by Nancy Anderson
Vacations are good for you.
You get a break to spend time with friends and family. You can disconnect from work and recharge your batteries. You get to spend the money you work so hard for on something that will bring you fulfillment and happiness.
Vacations are great, but taking out a loan to pay for them isn’t.
According to Catherine Golladay, vice president of participant services at Charles Schwab, “At Schwab Retirement Plan Services, we often see instances of participants taking 401(k) loans increase during the summer months. Moreover, data shows that one of the reasons people have taken a loan from their 401(k) is to pay for a vacation.”
To put this mistake in perspective, consider this: A vacation is one or two weeks long, and a 401(k) loan is generally set up to be paid back over five years. This strategy sounds like a short-term vacation turning into a long-term debt.
“These people have the wrong idea,” Golladay says. “Even though a 401(k) loan can seem like a quick cash fix, it carries long-term consequences, and therefore should only be used as a last resort to address a true and critical need.”
Loans are fairly common among 401(k) participants. According to the Employee Benefit Research Institute, at the end of 2013, 21% of participants who were eligible for 401(k) loans had unpaid loans from their 401(k) accounts.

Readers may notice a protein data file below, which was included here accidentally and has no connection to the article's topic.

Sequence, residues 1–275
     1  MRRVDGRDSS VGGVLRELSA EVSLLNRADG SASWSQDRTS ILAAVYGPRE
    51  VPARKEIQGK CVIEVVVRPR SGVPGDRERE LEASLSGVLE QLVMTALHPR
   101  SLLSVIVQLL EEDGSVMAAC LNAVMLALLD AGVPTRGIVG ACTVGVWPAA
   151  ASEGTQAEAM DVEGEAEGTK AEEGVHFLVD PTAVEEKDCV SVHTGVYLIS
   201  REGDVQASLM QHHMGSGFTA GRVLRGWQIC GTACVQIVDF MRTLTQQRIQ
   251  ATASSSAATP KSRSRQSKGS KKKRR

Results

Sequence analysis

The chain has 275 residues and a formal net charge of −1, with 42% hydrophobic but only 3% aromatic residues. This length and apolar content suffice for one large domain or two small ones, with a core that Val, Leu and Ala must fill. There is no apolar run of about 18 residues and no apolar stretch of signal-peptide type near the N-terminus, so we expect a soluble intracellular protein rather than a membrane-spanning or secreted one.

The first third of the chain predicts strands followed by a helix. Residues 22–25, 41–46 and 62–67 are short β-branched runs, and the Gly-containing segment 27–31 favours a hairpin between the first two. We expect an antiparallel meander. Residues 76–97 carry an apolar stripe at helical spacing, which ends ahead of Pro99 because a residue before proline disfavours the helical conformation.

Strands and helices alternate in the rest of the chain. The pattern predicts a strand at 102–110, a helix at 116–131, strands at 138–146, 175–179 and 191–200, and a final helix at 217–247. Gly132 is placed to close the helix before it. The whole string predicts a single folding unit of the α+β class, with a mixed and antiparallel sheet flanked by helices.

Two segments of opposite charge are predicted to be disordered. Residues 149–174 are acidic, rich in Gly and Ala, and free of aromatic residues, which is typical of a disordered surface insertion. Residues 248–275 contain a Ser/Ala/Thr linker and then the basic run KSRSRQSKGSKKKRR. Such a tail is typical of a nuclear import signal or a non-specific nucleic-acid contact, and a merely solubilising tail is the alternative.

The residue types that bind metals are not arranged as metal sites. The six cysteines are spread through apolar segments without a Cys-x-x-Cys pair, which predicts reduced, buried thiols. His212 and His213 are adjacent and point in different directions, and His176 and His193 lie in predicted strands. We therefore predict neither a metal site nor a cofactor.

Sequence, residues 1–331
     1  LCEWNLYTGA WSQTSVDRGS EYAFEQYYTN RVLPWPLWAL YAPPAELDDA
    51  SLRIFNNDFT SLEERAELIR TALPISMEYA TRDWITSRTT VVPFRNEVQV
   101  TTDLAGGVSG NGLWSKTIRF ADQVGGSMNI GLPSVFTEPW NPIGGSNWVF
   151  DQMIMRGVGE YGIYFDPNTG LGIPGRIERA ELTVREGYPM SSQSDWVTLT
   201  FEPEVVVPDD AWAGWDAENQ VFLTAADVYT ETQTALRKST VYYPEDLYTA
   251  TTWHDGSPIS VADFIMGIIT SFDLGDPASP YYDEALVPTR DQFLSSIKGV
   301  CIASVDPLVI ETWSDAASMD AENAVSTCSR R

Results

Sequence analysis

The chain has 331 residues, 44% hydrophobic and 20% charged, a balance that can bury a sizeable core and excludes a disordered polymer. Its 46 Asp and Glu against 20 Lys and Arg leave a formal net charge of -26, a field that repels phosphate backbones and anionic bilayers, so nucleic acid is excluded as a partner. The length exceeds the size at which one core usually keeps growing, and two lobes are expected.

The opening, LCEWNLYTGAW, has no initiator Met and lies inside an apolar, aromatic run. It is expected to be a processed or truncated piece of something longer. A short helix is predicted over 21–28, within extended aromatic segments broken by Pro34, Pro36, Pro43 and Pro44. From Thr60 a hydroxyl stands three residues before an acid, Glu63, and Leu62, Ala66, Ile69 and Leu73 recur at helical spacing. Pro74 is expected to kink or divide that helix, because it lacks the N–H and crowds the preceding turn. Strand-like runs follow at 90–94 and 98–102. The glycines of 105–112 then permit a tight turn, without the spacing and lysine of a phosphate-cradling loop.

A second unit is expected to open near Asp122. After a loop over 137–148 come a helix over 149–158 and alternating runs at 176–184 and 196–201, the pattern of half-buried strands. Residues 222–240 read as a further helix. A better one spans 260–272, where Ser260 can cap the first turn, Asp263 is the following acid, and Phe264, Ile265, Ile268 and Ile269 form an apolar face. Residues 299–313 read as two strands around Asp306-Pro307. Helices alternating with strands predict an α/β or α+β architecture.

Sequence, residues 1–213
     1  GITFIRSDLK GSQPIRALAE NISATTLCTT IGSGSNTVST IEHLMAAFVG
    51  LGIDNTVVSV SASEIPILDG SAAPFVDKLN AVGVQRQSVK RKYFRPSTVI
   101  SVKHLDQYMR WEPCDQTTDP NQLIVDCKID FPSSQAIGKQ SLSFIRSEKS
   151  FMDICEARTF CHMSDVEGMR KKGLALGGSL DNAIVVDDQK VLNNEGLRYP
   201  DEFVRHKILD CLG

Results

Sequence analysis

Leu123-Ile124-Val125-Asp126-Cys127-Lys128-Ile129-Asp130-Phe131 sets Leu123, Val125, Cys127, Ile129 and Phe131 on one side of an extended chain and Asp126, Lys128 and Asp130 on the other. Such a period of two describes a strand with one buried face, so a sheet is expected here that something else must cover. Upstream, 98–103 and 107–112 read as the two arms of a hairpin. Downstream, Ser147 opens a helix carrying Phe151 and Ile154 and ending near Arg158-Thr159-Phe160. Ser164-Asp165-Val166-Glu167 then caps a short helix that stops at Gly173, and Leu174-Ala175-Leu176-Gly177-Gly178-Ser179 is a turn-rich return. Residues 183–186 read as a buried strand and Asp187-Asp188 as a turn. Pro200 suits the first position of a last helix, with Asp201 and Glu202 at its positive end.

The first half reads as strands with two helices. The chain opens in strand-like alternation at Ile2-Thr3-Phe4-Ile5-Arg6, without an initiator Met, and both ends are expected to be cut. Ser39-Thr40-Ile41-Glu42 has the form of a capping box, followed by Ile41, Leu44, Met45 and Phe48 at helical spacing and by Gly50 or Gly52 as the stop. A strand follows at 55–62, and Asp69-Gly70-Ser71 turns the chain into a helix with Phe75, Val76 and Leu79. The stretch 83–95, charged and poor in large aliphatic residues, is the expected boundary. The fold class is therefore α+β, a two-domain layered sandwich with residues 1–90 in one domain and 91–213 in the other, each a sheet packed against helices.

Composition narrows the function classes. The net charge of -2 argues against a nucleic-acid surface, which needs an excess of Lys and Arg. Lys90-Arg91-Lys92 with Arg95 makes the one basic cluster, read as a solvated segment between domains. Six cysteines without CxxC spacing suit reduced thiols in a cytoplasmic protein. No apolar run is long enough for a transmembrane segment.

However, there are definite downsides to 401(k) loans. Golladay explains three of them:
“For one, while a traditional 401(k) is funded with pretax dollars, a 401(k) loan is repaid with after-tax dollars,” she says. “Second, if you leave your job and are unable to repay the loan in full, the outstanding balance is treated like a withdrawal, triggering a tax bill and likely a 10% penalty on top of the tax.”
“One of the biggest advantages a 401(k) plan offers is the ability for your investments to potentially compound and grow over time,” she adds. “If you take funds out of it prematurely, you diminish the benefit of compounding. Don’t punish your future self by borrowing against your retirement.”
Here are a few alternatives:
Get ahead of your vacation rather than behind it. Instead of borrowing to pay for a trip or putting it on a credit card, consider a “staycation” this year. Then, start a dedicated savings account for future trips. Plan your vacation based on the amount you are able to save.
Make memories, but not at the expense of financial security. Take your dream vacation every other year, every third year, or as often as your funds allow without having to sacrifice putting money toward your financial goals.
Earn extra funds as motivation. Whether you earmark part of your annual bonus to fund vacations or start an Etsy business on the side, have your vacation be your reward for extra effort. You can enjoy it fully, since you know you aren’t going into debt to do it.
For example, my husband is retired, but works as a substitute teacher during the school year. We set aside those extra funds for us to travel and to bring family to us in Park City, Utah. Since we have adult children spread out from Pasadena, California to Virginia Beach, this works out great!
Enjoy the summer and create memories that last a lifetime. Just don’t go into debt to do it.